For example, a short-term goal could be saving up to purchase a $40,000 car within two years. Meanwhile, a long-term one might have you set aside $1 million before you turn 60. Sorting them out will help you on the next step—budgeting your money.

Step 3. Start Budgeting

Once you’ve figured out your goals and how much money you’re working with each month, you can build a budget around it. In a budget, you’ll determine:

  • How much goes to your bills, groceries, and other living expenses
  • The amount you can save for your goals
  • How much you can use for non-essential expenses (e.g., going on a family vacation)

It’ll also let you know if your goals’ target dates aren’t realistic. For instance, your goal of buying that $40,000 car within two years might not be doable with your current budget, even if you allocate less for other expenses. This can help you decide whether you should adjust your timetable, look for ways to increase your income, or set aside that goal altogether.

Besides saving for goals, you might want to consider including an emergency fund in your budget. It’ll help pay for your expenses in case unexpected problems arise, like hospitalizations, major car repairs, or losing a job.

The rule of thumb is to save enough money to cover between 3-6 months’ worth of expenses. Ideally, this would give you ample time to search for another income source or recover the funds lost.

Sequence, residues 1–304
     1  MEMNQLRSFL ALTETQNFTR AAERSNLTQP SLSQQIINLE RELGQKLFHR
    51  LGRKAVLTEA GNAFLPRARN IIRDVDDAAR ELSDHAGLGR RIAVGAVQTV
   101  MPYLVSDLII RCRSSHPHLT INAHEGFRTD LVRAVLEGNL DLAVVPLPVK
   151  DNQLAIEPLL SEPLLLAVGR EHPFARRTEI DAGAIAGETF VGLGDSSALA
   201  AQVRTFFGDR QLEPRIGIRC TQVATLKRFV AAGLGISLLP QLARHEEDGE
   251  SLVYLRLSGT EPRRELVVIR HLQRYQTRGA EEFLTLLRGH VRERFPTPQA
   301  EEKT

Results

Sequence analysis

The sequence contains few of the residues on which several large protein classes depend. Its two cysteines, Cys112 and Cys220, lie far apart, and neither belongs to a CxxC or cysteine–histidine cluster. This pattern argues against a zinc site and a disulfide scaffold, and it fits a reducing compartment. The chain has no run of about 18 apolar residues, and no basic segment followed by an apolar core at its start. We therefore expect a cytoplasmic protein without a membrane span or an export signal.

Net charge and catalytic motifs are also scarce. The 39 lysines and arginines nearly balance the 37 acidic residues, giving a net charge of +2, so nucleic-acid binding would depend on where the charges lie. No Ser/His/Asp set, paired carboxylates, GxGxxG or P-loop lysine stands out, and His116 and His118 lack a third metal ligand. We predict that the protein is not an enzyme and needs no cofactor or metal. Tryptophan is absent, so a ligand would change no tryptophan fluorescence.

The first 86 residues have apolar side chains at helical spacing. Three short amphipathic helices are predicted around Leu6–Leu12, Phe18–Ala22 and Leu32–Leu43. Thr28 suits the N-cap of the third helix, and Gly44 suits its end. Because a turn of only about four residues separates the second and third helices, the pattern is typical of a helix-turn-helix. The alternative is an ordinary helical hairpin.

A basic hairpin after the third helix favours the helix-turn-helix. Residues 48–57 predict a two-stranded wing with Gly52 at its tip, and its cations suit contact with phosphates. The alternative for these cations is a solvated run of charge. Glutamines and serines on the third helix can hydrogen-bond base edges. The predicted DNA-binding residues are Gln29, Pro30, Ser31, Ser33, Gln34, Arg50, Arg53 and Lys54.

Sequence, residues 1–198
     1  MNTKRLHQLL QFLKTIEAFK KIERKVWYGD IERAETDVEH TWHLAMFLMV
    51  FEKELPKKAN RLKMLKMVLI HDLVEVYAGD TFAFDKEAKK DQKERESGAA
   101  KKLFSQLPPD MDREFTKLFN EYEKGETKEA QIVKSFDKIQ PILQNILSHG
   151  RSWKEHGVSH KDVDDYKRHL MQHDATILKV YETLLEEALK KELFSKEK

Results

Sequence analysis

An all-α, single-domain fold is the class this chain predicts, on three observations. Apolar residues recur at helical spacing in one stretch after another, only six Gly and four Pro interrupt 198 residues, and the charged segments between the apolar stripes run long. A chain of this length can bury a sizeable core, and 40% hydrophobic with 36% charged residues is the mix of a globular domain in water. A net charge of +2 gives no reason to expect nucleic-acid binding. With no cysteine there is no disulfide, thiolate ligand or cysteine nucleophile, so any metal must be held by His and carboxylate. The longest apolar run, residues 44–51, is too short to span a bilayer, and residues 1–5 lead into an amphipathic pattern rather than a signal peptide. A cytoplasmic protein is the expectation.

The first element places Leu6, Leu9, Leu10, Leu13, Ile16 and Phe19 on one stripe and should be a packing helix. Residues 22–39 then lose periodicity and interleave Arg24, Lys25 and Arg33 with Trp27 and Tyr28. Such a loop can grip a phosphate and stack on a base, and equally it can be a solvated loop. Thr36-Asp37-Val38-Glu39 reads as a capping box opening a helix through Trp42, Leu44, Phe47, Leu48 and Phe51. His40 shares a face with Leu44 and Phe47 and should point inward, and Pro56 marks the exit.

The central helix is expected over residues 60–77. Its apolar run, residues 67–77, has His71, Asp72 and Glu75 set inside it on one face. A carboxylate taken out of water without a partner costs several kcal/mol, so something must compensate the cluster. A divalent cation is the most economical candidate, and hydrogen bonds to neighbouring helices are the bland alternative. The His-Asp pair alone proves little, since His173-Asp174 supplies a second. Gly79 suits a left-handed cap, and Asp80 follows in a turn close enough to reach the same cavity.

Step 4. Live Within Your Financial Means

It can be tempting to buy the latest iPhone model or eat out at an expensive restaurant, but do you actually have the money for it? Unless you can curb it in time, impulse buying can end up eating away at your budget and setting your financial goals back.

You’ll want to make sure that you’re spending less than what you earn. This will help you avoid going into deep debt from having to constantly borrow money to pay the bills. This might mean making a few sacrifices in the present, like settling for your current phone or not buying that designer jacket.

But if you really want to buy something, why not turn it into one of your goals and include it in your budget?

Step 5. Use Financial Education Resources

Though many Texans struggle with their finances, Texas is slowly solving this as one of the states now teaching financial education to students. However, the federal government also has online resources to help everyone learn more about how to improve financial literacy. For instance, the Financial Literacy and Education Commission has This website can show you the ropes of different skills like borrowing and investing.

You could also check out this list provided by the Texas Office of Consumer Credit Commissioner. It has financial literacy guides from both state and federal resources.

Financial Literacy Is Worth It

Becoming financially literate is the key to building a secure future for you and your loved ones. You must stay committed to learning more than you know now. This way, you’ll always be flexible and able to apply your new lessons if things don’t go according to plan.